Sleep Patterns Across Cultures and Through History: Exploring the Impact of Technology on Our Slumber

Sleep is a universal human experience, but the way people sleep can vary greatly across cultures and throughout history. From the famed siesta in Spain to the forgotten “second sleep” in Britain, sleep patterns have been influenced by culture, geography, and technology. In this blog, we will explore the differences in sleep patterns across various countries and discuss the intriguing changes in sleep habits throughout history. Additionally, we will delve into the significant impact of technological developments, like electricity, on the way we sleep.

Sleep Patterns Across Cultures

  1. The Siesta in Spain One of the most well-known variations in sleep patterns is the siesta, a traditional practice in Spain and many Latin American countries. The siesta typically involves taking a short nap, ranging from 20 minutes to two hours, during the early afternoon, usually after lunch. The siesta is not just a leisurely nap; it’s deeply ingrained in the culture, with many businesses and schools closing for a few hours to accommodate this midday rest.

The siesta is thought to have developed due to Spain’s warm climate, making it challenging to work during the hottest part of the day. It also aligns with the Mediterranean diet’s emphasis on a hearty lunch followed by relaxation. While some countries have moved away from this practice due to modern work schedules, the siesta remains an integral part of Spanish culture and is celebrated for its potential benefits in rejuvenating energy and improving overall productivity.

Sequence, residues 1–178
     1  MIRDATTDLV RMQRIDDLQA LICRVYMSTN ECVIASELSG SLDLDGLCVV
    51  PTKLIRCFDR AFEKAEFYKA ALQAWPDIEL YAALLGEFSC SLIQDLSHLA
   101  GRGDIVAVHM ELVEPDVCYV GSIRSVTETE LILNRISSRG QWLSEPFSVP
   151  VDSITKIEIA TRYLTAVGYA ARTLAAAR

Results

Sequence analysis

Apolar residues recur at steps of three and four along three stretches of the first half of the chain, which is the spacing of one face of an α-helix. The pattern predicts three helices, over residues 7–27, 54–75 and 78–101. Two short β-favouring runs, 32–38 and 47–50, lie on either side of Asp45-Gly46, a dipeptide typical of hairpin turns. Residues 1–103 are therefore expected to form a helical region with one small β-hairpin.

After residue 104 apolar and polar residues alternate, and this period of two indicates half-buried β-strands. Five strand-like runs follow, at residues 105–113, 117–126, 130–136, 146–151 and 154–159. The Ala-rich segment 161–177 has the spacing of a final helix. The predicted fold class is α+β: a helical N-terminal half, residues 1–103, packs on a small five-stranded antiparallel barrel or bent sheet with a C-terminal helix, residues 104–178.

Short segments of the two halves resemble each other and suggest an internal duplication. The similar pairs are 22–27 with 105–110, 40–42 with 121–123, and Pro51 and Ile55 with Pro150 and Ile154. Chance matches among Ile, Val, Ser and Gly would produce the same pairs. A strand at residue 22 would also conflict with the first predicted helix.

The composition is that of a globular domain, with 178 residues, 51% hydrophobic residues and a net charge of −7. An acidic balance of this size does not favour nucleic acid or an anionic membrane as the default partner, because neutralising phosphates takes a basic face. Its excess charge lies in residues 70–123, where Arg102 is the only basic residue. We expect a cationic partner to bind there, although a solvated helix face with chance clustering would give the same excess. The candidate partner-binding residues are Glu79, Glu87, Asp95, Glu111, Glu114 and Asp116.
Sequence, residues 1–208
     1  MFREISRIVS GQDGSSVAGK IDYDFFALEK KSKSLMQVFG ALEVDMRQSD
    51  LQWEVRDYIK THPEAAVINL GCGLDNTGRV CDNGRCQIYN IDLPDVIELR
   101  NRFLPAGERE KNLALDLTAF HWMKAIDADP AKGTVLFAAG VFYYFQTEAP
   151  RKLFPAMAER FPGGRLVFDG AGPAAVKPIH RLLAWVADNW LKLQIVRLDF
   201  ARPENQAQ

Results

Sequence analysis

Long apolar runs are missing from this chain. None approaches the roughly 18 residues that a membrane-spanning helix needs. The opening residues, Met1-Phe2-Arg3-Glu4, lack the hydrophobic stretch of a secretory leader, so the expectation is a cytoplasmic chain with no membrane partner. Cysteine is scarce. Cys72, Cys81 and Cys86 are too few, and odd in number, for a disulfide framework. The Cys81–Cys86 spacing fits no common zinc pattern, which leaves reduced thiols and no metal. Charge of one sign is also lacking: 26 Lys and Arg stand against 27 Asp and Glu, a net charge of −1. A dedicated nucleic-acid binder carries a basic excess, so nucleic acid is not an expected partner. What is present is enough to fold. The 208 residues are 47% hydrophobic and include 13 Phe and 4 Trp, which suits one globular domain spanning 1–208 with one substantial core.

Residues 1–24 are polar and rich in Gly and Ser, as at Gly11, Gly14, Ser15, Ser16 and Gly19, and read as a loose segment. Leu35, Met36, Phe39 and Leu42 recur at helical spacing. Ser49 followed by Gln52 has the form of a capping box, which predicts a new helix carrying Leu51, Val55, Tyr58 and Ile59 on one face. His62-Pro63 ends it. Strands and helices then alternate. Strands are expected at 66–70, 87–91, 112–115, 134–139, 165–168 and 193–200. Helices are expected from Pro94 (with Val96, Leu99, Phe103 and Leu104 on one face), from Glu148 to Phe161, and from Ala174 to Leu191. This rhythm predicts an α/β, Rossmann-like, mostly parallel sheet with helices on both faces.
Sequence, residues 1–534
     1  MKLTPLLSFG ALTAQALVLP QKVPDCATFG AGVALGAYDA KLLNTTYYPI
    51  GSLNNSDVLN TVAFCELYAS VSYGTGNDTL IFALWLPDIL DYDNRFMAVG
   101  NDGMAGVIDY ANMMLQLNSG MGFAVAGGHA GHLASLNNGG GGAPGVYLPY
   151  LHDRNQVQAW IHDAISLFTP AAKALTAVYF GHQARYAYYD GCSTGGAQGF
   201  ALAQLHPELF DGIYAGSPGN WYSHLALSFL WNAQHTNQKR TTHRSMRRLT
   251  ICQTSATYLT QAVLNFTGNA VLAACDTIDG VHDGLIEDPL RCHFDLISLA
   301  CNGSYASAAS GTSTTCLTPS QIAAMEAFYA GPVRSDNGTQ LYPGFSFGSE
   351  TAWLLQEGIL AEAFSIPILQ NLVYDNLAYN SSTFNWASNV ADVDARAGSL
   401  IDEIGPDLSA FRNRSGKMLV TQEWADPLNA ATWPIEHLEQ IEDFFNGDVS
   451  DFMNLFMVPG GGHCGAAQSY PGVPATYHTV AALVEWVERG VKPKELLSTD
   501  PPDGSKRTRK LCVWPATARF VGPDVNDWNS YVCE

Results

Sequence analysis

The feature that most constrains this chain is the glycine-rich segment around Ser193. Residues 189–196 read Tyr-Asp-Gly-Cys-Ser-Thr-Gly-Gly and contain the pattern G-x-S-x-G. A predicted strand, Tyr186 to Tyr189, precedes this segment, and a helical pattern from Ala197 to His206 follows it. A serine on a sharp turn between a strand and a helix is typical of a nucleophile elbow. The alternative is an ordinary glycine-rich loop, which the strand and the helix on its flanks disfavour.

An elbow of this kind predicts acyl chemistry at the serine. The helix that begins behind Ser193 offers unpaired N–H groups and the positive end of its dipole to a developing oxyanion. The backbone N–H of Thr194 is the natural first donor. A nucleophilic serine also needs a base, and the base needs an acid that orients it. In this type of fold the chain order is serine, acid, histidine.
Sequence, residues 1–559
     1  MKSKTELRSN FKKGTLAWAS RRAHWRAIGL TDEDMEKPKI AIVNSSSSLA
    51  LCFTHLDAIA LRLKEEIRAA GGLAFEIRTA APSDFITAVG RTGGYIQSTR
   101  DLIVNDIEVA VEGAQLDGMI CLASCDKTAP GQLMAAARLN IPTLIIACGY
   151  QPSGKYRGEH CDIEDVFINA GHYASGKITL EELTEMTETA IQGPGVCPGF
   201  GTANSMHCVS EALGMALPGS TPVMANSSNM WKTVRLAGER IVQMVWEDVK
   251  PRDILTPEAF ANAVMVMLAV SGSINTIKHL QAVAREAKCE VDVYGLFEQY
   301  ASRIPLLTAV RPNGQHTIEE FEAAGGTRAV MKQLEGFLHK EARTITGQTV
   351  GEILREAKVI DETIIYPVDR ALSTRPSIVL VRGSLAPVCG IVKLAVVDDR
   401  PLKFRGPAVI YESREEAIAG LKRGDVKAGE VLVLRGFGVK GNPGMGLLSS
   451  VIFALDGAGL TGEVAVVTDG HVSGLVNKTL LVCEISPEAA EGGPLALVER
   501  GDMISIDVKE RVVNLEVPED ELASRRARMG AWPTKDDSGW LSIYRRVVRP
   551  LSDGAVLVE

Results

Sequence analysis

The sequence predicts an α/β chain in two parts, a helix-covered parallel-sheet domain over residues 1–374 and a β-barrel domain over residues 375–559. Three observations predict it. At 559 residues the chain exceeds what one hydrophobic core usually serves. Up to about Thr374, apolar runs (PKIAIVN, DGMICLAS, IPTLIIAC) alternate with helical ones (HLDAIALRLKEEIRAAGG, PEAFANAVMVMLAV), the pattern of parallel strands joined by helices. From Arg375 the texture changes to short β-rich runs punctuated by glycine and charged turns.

1. The Power Nap in Japan Japan has its own unique approach to sleep patterns, characterized by the concept of the “inemuri” or power nap. Inemuri involves taking short naps, often in public settings like trains or offices, to recharge one’s energy. Interestingly, inemuri is socially acceptable and even encouraged, as it demonstrates a strong work ethic. The Japanese culture values hard work and dedication, and taking a quick power nap is seen as a sign that someone has been working diligently.

Inemuri has become so ingrained in Japanese society that it is often seen as a display of commitment to one’s job, allowing employees to recharge and continue working at peak productivity levels. The practice is a testament to how cultural values can shape sleep patterns and influence daily life.

Sleep Patterns Through History

  1. The Second Sleep in Britain Before the advent of modern electricity, sleep patterns in Britain and other Western societies were vastly different from what we know today. Historians have found evidence of a phenomenon known as the “second sleep.” People would go to bed shortly after dusk, sleep for a few hours, wake up in the middle of the night for a few hours of wakefulness and various activities, and then return to bed for a second sleep until morning.

During the period of wakefulness, people would engage in various activities, such as reading, praying, or socializing. This practice was not exclusive to Britain but was observed in various parts of the world. Some historians believe that the division of sleep into two segments was not only practical but also natural for our ancestors.